Review: Noteworthy by Riley Redgate

I received this book for free from Publisher in exchange for an honest review. This does not affect my opinion of the book or the content of my review.

Review: Noteworthy by Riley RedgateNoteworthy by Riley Redgate
Published by Amulet Books on May 2, 2017
Genres: Contemporary, Romance
Pages: 400
Format: Hardcover
Source: Publisher
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A cappella just got a makeover.

Jordan Sun is embarking on her junior year at the Kensington-Blaine Boarding School for the Performing Arts, hopeful that this will be her time: the year she finally gets cast in the school musical. But when her low Alto 2 voice gets her shut out for the third straight year—threatening her future at Kensington-Blaine and jeopardizing her college applications—she’s forced to consider nontraditional options.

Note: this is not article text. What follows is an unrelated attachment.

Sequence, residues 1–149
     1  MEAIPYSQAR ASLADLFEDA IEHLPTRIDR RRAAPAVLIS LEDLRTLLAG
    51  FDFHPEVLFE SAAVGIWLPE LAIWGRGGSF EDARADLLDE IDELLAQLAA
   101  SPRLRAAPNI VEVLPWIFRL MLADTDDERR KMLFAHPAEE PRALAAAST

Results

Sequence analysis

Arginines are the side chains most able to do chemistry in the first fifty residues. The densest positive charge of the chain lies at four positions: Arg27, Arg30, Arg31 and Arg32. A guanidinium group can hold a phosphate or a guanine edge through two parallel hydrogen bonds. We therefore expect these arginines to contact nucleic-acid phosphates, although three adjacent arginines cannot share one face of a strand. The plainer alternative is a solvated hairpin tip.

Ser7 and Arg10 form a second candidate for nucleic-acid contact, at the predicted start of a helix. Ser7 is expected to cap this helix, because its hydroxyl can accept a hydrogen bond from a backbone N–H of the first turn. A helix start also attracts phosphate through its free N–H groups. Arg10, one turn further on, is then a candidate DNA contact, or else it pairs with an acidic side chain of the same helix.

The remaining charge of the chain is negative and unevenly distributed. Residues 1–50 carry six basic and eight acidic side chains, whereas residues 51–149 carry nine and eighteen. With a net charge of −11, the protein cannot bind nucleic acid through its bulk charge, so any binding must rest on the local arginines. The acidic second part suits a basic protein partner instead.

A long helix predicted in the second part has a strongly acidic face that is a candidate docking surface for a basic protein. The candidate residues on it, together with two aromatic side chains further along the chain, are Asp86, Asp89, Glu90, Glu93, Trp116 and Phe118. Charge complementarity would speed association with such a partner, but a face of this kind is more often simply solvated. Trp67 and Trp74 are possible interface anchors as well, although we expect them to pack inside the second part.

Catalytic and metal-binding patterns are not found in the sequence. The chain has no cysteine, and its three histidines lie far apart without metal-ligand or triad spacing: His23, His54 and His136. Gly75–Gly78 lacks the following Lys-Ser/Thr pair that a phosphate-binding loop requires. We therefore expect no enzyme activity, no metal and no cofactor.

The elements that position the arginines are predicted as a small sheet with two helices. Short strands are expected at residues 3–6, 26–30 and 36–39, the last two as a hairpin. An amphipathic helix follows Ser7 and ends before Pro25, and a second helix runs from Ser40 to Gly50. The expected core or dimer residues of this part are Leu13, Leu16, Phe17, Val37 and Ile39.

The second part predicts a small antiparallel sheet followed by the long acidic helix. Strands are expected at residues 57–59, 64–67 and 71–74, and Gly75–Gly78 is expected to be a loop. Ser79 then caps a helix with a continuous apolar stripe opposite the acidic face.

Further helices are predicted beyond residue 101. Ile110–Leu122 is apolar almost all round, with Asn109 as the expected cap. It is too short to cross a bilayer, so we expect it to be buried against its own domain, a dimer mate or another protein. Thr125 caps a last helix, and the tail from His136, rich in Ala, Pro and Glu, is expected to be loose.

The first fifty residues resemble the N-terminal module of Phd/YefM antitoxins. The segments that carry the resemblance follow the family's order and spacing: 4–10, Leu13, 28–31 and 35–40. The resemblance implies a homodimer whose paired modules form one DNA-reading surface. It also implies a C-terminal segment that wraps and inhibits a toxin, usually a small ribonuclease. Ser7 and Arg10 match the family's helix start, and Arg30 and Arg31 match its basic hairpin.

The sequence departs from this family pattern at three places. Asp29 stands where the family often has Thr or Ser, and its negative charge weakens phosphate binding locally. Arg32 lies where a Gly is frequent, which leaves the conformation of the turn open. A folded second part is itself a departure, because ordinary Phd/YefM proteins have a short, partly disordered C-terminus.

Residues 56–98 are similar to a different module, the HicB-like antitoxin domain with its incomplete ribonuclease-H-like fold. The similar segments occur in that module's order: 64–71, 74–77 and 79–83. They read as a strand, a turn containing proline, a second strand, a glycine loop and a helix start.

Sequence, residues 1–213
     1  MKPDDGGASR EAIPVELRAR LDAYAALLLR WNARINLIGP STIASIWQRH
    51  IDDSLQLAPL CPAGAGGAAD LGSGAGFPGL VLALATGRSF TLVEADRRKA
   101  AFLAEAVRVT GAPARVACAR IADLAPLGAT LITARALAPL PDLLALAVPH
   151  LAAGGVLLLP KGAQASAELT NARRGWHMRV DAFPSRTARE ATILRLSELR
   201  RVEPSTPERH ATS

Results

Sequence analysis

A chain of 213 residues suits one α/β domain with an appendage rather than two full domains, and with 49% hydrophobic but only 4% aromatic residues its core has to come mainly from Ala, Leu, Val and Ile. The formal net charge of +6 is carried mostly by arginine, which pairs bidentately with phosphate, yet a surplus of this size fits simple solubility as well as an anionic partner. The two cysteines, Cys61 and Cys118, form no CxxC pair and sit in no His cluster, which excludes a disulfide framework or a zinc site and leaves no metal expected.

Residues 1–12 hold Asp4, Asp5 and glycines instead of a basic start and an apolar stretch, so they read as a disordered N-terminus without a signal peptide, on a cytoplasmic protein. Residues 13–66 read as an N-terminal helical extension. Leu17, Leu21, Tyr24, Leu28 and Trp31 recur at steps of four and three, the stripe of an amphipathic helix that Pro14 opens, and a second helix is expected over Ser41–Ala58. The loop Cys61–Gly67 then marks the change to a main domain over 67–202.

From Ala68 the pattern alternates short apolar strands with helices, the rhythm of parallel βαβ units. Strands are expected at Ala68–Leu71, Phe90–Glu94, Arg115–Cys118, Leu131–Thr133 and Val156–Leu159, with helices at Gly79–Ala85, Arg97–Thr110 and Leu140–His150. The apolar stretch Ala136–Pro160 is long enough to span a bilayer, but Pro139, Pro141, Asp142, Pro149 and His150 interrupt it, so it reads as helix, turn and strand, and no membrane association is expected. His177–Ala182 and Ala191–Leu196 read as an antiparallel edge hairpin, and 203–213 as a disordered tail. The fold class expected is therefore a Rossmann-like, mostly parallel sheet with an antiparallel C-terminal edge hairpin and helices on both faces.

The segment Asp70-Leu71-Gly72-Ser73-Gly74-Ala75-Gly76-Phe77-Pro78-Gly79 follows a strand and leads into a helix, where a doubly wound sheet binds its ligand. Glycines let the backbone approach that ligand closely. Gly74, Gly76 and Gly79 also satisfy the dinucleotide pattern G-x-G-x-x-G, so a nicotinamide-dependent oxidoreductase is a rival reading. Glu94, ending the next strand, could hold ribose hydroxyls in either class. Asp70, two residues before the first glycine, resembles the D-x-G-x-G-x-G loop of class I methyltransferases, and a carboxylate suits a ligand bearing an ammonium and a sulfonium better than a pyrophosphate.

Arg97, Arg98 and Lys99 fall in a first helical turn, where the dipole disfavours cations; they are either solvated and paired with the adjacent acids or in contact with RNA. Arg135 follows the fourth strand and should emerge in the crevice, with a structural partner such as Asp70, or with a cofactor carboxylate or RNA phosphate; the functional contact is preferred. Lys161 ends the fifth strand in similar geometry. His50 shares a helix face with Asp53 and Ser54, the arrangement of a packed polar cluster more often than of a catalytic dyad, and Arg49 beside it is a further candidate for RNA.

In Jordan’s case, really nontraditional. A spot has opened up in the Sharpshooters, Kensington’s elite a cappella octet. Worshipped…revered…all male. Desperate to prove herself, Jordan auditions in her most convincing drag, and it turns out that Jordan Sun, Tenor 1, is exactly what the Sharps are looking for.

Jordan finds herself enmeshed in a precarious juggling act: making friends, alienating friends, crushing on a guy, crushing on a girl, and navigating decades-old rivalries. With her secret growing heavier every day, Jordan pushes beyond gender norms to confront what it means to be a girl (and a guy) in a male-dominated society, and—most importantly—what it means to be herself.